Brutal honesty is about conquest. And it’s the primary way artists are taught to receive criticism today. But what is the best, M? Brutal honesty won’t tell you this. Brutal honesty is impatient. Brutal honesty is interested, first, in destruction. Destruction of what you’ve built, perhaps save for a few stones and pillars, in order to build atop your ancestral land. Brutal honesty doesn’t teach you how to make your own decisions—why certain kinds of writing matter to you or how to write not for a deadline but for ever—it teaches you to move over and then to follow its structures and commands.
Even if you don’t think of yourself as participating in brutal honesty, it’s a pervasive part of artistic pedagogy. The faster it eliminates, the stronger its expertise. The harder the blow, the more loving its honesty. The deeper your silence, the more you grow. This violence manipulates modesty into dependence: dependence on authority figures who can tell you what’s best; dependence on prizes and publications that show you what’s best; dependence on a budding inner critic, your double in every way who, just like those instructors, builds their empire at your expense. This inner critic knows exactly what to say in order to scare you, punish you, and bully you into insecurity. This inner critic mistakes violence for honesty, domination for perfection, content for art, productivity for life.
The lie behind brutal honesty is that there is a ‘right path’—one that makes your disappearance acceptable. The lie silences by force. And the prestige it bestows on those who believe it ruthlessly teaches you to seek and emulate its violence again in the process.
The process of unraveling brutal honesty is one of unraveling a previous system of authority you’ve inherited. The inner critic, like the outer critics, never truly goes away. On some days, I get to my desk and it’s as loud as it was when I first started writing. The sentences that come don’t align with what I’ve come to say. But I’ve learned not to be swayed by the ugliness of the new. For there is a writer and a reader in you. It’s important not to confuse the two.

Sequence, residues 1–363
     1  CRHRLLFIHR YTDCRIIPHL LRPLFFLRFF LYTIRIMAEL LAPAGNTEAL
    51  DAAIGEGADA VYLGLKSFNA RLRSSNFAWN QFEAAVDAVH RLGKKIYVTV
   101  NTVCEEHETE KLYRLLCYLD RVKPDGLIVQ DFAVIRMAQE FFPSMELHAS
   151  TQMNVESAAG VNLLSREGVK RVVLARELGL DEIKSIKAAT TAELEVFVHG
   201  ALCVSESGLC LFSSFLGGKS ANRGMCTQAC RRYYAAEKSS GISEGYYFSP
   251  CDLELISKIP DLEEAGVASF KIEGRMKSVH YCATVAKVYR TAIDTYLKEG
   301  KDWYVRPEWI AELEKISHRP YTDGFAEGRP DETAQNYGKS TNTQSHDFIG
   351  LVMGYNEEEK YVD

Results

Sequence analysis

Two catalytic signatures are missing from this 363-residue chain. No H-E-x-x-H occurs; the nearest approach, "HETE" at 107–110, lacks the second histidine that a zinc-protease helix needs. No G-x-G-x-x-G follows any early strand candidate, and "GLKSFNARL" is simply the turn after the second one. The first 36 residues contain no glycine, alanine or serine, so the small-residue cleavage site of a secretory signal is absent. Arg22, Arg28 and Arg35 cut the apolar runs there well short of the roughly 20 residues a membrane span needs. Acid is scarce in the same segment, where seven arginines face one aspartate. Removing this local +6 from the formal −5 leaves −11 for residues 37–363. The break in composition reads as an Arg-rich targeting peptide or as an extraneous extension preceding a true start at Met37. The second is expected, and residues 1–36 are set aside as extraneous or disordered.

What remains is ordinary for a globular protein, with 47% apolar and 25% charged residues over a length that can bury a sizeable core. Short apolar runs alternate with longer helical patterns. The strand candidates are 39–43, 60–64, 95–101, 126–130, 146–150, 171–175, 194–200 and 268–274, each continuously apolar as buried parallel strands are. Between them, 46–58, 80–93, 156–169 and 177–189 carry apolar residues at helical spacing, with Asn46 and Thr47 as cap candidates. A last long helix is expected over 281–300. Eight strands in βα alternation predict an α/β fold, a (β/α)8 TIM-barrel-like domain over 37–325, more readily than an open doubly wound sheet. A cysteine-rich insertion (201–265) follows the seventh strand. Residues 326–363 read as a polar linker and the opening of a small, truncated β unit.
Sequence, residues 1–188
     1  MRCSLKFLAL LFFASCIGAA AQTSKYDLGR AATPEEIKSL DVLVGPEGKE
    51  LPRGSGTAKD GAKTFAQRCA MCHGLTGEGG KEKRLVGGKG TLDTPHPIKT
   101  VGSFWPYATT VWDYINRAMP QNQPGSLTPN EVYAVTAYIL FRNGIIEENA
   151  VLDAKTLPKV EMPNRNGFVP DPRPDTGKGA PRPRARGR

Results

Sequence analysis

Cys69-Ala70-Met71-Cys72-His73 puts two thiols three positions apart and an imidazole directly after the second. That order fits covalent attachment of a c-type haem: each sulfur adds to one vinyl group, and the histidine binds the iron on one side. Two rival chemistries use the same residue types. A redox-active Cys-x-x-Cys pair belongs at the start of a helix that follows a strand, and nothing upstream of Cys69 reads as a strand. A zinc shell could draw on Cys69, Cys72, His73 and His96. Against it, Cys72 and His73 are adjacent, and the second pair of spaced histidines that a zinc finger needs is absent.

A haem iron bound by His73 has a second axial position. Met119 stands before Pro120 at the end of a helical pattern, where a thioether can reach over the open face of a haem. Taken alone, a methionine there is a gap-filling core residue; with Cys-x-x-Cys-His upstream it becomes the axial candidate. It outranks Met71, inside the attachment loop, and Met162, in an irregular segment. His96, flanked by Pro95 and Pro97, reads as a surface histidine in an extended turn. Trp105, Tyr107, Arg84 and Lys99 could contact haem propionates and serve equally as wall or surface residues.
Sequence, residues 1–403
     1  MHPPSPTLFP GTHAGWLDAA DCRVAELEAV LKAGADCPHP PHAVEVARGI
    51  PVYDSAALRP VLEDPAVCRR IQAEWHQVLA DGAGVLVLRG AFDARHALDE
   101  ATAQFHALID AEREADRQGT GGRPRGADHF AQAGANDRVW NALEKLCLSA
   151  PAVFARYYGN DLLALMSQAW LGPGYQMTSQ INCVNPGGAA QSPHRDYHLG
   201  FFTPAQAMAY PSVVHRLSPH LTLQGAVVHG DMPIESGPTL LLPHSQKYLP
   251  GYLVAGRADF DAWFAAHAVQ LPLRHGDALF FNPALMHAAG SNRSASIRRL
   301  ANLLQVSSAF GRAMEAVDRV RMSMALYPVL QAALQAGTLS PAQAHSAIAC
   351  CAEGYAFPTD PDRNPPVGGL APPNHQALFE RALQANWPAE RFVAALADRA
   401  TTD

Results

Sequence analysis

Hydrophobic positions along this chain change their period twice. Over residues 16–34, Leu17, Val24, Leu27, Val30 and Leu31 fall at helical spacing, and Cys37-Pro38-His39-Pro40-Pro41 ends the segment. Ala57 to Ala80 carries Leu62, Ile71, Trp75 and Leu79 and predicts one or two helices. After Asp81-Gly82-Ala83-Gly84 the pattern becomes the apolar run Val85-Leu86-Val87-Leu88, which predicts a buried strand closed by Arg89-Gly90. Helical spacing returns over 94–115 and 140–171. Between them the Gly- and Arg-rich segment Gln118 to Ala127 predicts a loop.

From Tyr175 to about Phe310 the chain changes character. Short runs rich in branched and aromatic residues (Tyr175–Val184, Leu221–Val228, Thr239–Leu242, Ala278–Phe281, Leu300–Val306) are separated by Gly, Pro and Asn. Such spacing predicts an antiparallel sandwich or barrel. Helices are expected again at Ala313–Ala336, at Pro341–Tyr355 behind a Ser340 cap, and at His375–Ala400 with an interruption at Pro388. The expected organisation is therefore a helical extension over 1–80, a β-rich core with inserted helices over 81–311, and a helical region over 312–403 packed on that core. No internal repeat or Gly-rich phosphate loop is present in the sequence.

As a writer, you are always your first reader. The world may not yet reflect what you choose as your best. This advice may not get you published or help you win a prize. It may not help you get better in the ways you initially asked. But I’d rather you learn how to change for yourself, to write in accordance with yourself, because there’s no technique, trick, or lecture that will conceive for you the voices you’ll need in the span of your life.
For you’re right, M. You cannot improve if you only write. You must change. You must experiment, play, break down, and further your field of vision. But you must not only change the way you write: you must change the way you read. It is not enough to be free. In order to be free, you have to practice freedom. And the most distressing, terrible, and vital freedom is the exercise of believing yourself in not knowing best, but knowing something, and that something, being important to you, is worthy of being written, too. Someone will need what you’re going to say. And you will know this because you’ve needed it.
The goal of the reader is to discern and decide: what do I love? What do I hate? What exists—and what do I want so much that I would search forever for it? My inner critic lives with my reader. I changed my reader by changing who I was reading for. I practice this through reading for close friends and students. In the beginning, the generosity I couldn’t afford myself was easy to give to others. Rather than with domination, I’ve learned how to read with love. New systems of power don’t grow when we’re alone. I had to realize new ways of reading for a community in order to realize it for myself.
Joan Didion once suggested that “[w]e tell ourselves stories in order to live.” Of course, she continues: “At least for a little while.” For your voice must not improve: it must transform. In how we choose to change, in that coltish voice, lives a self where another reader can truly recognize you. And within that small exchange, there’s a spark of a world where there are reasons to write beyond domination and control. Perhaps, beyond that “little while,” it’s not that we stop telling stories, but that we change who they are for—that we’ve changed each other and we’ve changed ourselves.